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That's No Temple


“What are you looking for?”

They said to him, “Where are you staying?”

He said to them, “Come, and you will see.”

I dare say, this brief conversation between the Lord and His first disciples can sum up the dialogue of the Lord with His people through the prophets in the Old Testament. Over and over again, God questions his beloved people about what they’re looking for, as they go in search of military aid from foreign powers, idols and gods they can grasp and control. Then in their desperation for salvation, they cry out, asking God if He really does live among them—where are you God? Where do you dwell? Do you abide among us? And then the Lord’s never failing invitation back into His grace. Just come to Me, and you will see where I desire to live among you.

But, unfortunately, it seems that no matter how great the acts of God and His mercy toward His people, they kept looking for their idols, those false gods that gave them a false sense of control over the world, their enemies, and their fortunes.

The problem with idols is that they are not a thing of the past. We may not be bowing down to statues of false gods, made of gold and silver, wood and stone. But we have all found some things in our lives that are more important to us than God, and we give them our worth. Our worship. And because this problem remains, the consequences remain. As Psalm 115 has been warning us for thousands of years: “Their idols are silver and gold, the work of human hands. They have mouths but they do not speak, eyes but do not see. They have ears but do not hear, noses but do not smell. They have hands but do not feel, feet but do not walk, they produce no sound from their throats. Their maker will be like them, and anyone who trusts in them.”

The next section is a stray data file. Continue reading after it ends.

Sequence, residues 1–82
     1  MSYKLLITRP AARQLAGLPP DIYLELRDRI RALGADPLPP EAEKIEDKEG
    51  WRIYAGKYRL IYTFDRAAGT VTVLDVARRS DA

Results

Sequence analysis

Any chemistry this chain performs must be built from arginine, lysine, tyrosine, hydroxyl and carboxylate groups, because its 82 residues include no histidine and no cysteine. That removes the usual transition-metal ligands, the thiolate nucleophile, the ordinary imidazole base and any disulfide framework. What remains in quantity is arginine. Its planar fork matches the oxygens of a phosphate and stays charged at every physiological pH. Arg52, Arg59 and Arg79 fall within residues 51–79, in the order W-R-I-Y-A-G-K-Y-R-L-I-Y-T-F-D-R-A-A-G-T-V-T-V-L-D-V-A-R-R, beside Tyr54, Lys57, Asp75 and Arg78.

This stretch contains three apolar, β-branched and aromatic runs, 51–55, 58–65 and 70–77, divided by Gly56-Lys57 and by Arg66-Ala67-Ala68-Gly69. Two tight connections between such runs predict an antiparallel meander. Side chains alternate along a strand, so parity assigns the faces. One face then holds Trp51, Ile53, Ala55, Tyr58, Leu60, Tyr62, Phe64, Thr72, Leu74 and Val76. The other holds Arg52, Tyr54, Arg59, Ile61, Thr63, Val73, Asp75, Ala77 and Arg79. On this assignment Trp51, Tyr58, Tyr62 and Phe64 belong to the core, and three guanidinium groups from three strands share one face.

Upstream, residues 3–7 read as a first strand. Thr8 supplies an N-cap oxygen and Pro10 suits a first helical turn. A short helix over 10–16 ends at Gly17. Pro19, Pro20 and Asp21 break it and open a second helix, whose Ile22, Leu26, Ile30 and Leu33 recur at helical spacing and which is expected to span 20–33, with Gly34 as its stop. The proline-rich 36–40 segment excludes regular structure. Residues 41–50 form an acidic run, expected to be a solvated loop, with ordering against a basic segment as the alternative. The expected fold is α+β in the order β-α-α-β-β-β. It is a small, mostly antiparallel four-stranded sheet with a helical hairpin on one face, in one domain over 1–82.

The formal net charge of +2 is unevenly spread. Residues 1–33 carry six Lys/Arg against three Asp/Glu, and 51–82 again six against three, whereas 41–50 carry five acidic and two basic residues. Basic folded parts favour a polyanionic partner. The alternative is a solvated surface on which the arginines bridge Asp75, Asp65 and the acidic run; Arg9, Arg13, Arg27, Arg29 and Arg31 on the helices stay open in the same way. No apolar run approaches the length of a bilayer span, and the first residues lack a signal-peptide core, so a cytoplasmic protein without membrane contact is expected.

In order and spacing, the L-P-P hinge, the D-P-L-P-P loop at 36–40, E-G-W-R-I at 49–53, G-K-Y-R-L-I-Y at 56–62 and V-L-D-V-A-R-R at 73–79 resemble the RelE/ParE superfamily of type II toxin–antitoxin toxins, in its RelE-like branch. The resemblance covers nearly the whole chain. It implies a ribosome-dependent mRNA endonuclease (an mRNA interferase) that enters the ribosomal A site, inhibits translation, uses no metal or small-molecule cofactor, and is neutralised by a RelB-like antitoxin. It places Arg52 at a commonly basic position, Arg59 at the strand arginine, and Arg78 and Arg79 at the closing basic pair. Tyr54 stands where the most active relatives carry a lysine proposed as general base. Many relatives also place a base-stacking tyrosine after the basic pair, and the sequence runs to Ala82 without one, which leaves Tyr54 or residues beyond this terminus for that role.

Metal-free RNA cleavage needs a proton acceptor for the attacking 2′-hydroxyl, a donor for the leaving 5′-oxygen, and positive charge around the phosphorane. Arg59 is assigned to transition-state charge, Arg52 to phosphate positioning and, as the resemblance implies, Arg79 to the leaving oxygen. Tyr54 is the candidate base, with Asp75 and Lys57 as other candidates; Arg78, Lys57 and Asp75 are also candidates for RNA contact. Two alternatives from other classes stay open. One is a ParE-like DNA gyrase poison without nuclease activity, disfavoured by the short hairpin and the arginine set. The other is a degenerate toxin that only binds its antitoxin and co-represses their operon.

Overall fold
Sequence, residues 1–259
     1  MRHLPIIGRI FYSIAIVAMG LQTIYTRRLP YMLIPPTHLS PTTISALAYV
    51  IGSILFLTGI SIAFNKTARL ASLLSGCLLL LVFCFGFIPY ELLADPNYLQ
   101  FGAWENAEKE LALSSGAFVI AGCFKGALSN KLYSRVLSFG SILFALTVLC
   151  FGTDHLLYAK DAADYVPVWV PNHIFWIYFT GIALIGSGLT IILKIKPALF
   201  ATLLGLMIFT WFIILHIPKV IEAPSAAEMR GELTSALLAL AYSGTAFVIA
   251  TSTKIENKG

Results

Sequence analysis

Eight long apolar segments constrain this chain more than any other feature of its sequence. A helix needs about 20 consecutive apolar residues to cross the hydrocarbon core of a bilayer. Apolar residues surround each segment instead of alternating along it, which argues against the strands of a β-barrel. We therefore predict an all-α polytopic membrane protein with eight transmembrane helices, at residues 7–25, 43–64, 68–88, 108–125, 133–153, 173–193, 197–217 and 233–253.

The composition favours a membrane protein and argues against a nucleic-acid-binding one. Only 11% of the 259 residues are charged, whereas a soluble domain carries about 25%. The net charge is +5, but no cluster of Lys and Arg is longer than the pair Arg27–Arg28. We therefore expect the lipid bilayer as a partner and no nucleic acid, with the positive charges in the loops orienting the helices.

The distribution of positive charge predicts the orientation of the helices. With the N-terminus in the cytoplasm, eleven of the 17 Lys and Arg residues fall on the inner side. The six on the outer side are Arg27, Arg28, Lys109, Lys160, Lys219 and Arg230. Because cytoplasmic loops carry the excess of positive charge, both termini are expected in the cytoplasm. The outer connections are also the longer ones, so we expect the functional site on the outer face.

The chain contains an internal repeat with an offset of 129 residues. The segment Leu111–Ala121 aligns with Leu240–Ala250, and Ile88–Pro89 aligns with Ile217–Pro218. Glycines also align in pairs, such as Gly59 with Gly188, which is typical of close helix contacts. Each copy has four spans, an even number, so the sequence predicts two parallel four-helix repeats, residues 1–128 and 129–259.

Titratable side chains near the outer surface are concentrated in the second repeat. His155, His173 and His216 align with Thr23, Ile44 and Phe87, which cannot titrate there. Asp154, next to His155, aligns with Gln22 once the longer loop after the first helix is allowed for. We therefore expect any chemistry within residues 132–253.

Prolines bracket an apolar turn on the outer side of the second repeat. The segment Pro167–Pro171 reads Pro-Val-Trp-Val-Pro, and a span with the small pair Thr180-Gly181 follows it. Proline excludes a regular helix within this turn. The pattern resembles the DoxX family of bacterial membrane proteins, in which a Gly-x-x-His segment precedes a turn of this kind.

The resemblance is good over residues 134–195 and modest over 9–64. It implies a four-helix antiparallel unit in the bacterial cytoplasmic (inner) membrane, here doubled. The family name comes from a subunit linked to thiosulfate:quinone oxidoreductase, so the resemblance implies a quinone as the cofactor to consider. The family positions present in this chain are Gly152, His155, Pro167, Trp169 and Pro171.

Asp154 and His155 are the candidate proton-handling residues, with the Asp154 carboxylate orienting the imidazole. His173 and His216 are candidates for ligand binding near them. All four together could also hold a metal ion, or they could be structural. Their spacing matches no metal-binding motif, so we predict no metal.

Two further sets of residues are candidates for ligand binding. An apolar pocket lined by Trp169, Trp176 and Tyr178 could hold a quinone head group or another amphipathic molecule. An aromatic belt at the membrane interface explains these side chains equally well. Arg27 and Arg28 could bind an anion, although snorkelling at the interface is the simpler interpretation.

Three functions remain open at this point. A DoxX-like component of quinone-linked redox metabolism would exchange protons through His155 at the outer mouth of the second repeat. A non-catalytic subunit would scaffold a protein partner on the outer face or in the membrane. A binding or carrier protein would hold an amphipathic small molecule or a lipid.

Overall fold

No doubt God has given us blessings. We can use them, we can rejoice in them. But when we give our worth even to the blessings, we forget that the Giver is greater than the gift. So we’re faced with the question of Jesus in the Gospel. God has come, born in our flesh, born of a woman, to free us from false worship and from the injustice that flows from it. And He asks us:

What are you looking for?

You become like what you worship. You can worship false gods of money, power, wealth, and even comfort, and you will become as lifeless any of those things. But you worship God, through Jesus Christ, in the Holy Spirit, and you will become more like God. And God comes to dwell among you.

Paul could not ignore this reality in Corinth. He knew to whom he was preaching. He had spent at least a year and a half with the Corinthians. At first he was there in that port city making and selling tents, alongside fellow Christian Aquila and his wife Priscilla. Then, when he was rejected by some of the Jews in their synagogues, Paul decided it was time to focus his preaching completely on the Gentiles, the non-Jews. So he knew everyone in Corinth, he worked with them, he did business with them, he walked their harbors and their roads, all the while, looking up at the pride of their city: the Temple of Aphrodite, the Greek goddess of love and sex.